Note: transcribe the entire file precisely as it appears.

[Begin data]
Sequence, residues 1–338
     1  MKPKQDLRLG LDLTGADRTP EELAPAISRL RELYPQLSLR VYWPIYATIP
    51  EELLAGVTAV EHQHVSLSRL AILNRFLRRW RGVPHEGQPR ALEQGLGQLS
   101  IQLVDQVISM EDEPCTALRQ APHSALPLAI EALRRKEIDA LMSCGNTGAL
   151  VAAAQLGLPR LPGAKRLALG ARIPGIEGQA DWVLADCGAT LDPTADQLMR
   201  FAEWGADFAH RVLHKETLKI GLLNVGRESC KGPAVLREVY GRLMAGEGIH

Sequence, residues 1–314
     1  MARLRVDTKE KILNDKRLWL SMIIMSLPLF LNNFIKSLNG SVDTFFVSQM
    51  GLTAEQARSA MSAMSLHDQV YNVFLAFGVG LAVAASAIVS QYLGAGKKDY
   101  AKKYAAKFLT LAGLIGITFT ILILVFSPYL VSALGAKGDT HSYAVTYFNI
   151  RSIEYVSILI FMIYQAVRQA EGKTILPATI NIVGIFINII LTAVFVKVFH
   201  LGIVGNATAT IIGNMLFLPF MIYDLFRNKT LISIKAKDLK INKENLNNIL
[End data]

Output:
Sequence, residues 1–338
     1  MKPKQDLRLG LDLTGADRTP EELAPAISRL RELYPQLSLR VYWPIYATIP
    51  EELLAGVTAV EHQHVSLSRL AILNRFLRRW RGVPHEGQPR ALEQGLGQLS
   101  IQLVDQVISM EDEPCTALRQ APHSALPLAI EALRRKEIDA LMSCGNTGAL
   151  VAAAQLGLPR LPGAKRLALG ARIPGIEGQA DWVLADCGAT LDPTADQLMR
   201  FAEWGADFAH RVLHKETLKI GLLNVGRESC KGPAVLREVY GRLMAGEGIH

Sequence, residues 1–314
     1  MARLRVDTKE KILNDKRLWL SMIIMSLPLF LNNFIKSLNG SVDTFFVSQM
    51  GLTAEQARSA MSAMSLHDQV YNVFLAFGVG LAVAASAIVS QYLGAGKKDY
   101  AKKYAAKFLT LAGLIGITFT ILILVFSPYL VSALGAKGDT HSYAVTYFNI
   151  RSIEYVSILI FMIYQAVRQA EGKTILPATI NIVGIFINII LTAVFVKVFH
   201  LGIVGNATAT IIGNMLFLPF MIYDLFRNKT LISIKAKDLK INKENLNNIL